Ngati Kahu has vowed to continue supporting war veteran Selwyn Clarke for as long as it takes after his war pension was stopped because he failed to respond to an arrest warrant issued in the Kaitaia District Court in October.
Mr Clarke was among those charged with trespass after a brief occupation of Kaitaia airport in September.
Te Runanga-a-Iwi o Ngati Kahu chief executive Anahera Herbert-Graves said a Facebook page, 'Restore Selwyn's War Pension,' had been opened, along with an online petition.
Maori Television reported that 88-year-old Mr Clarke had been reduced to begging at Kaitaia's Saturday market after his veteran's pension and disability allowance were stopped because he did not respond to a warrant for his arrest over a trespass charge arising from the occupation ofthe airport.
"He hated doing this," Ms Herbert-Graves said.
"He has basically gone through all his savings.
"It's just demeaning, but at the same time he does have a political point of view, and that is that he was on his own land and he doesn't recognise the legitimacy of anyone to come into the courts."
Runanga chair Professor Margaret Mutu said Mr Clarke had won the iwi's full backing.
"He takes the view, which quite a few of our people take, that under the Treaty we never acceded our sovereignty, and therefore he does not come under the jurisdiction of the Crown," she said.
Northland MP Winston Peters said Mr Clarke's pension should be reinstated, because the law under which he was arrested for trespass was "highly questionable".
"You have got a law being applied to Selwyn Clarke that, at its foundation, may well be proven to be specious, and therefore an invalid application of the law where he is concerned," he said.
"If his protest was about the valid ownership (of the airport land), and therefore was proven on investigation to be meritorious, then how could the bureaucracy be applying a law in the way that it is applying it to him?
"It is not a clear-cut case at all," he said.
"The first thing they should do is reinstate his veteran's pension and put some unbiased work into the validity of the claim."
Meanwhile Mr Clarke told the Northland Age that he had no intention of appearing before the District Court so his warrant to arrest would be withdrawn and his pension restored.
"Attending the court is not in my kaupapa," he said.
"It's not in (the court's) kaupapa to attend the marae, but we need to get together to sort this out. We will do that eventually. When this has blown over a bit I will invite the judge to sit down and look at how we can address it."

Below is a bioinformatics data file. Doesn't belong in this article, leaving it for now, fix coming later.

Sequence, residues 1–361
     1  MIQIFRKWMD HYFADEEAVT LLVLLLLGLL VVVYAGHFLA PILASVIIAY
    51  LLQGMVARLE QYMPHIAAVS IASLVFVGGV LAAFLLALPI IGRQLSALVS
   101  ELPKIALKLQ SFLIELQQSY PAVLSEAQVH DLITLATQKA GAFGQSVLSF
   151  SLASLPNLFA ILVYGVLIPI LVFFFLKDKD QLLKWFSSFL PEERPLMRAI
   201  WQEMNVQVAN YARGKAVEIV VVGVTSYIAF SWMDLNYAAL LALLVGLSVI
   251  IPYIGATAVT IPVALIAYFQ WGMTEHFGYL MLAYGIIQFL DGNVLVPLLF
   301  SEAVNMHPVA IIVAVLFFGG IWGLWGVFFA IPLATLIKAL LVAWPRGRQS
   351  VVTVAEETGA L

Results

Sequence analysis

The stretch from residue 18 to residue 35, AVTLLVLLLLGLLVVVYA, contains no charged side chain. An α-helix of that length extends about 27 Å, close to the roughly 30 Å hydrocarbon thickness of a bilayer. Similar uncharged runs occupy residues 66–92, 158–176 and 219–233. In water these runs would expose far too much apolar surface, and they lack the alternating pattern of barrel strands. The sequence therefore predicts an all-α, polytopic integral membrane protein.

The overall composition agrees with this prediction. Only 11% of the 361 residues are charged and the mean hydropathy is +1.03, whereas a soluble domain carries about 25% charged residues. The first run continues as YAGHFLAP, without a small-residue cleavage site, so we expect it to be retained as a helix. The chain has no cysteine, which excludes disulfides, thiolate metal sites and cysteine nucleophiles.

Mr Clarke said he was making his stand for all other New Zealanders, Maori and Pakeha, who could be in jeopardy of the same government policy in the future, and were not aware of it.
"If I don't make a stand it will affect thousands of other people, Maori and Pakeha," he said.
"If I give in now it will affect them later on."
The only government contact he had had was from the Ministry of Veterans' Affairs, which he understood had made contact with the police. He had had no warning from the Ministry of Social Development that he stood to lose his pension if the warrant to arrest was not withdrawn.
He had lost the pension, which he said was worth around $300 a fortnight, in November, but had only discovered what had happened when he couldn't pay his bills. He was still receiving a war pension of around $500 a fortnight.
His initial response had been to sell his tools, but he didn't get much for them and could not raise enough money to live on. So he began begging in Kaitaia.
"What else can I do?" he asked.
"I'm beyond working; my war injuries are playing up more than they used to."
He had received significant support, including financially, while his predicament had gained international attention, even in Britain's House of Lords, he said. That institution's response was to "wait and see what happens."
Mr Clarke has agreed, reluctantly, to accept support in cash or kind until his veteran's pension is restored. Food can be sent to Te Runanga-a-Iwi o Ngati Kahu at 21A Parkdale Cres, Kaitaia 0410, while money can be deposited in the Koroki Whanau Trustee Board's charitable trust account at Kiwibank, account 38 9014 0655383 00.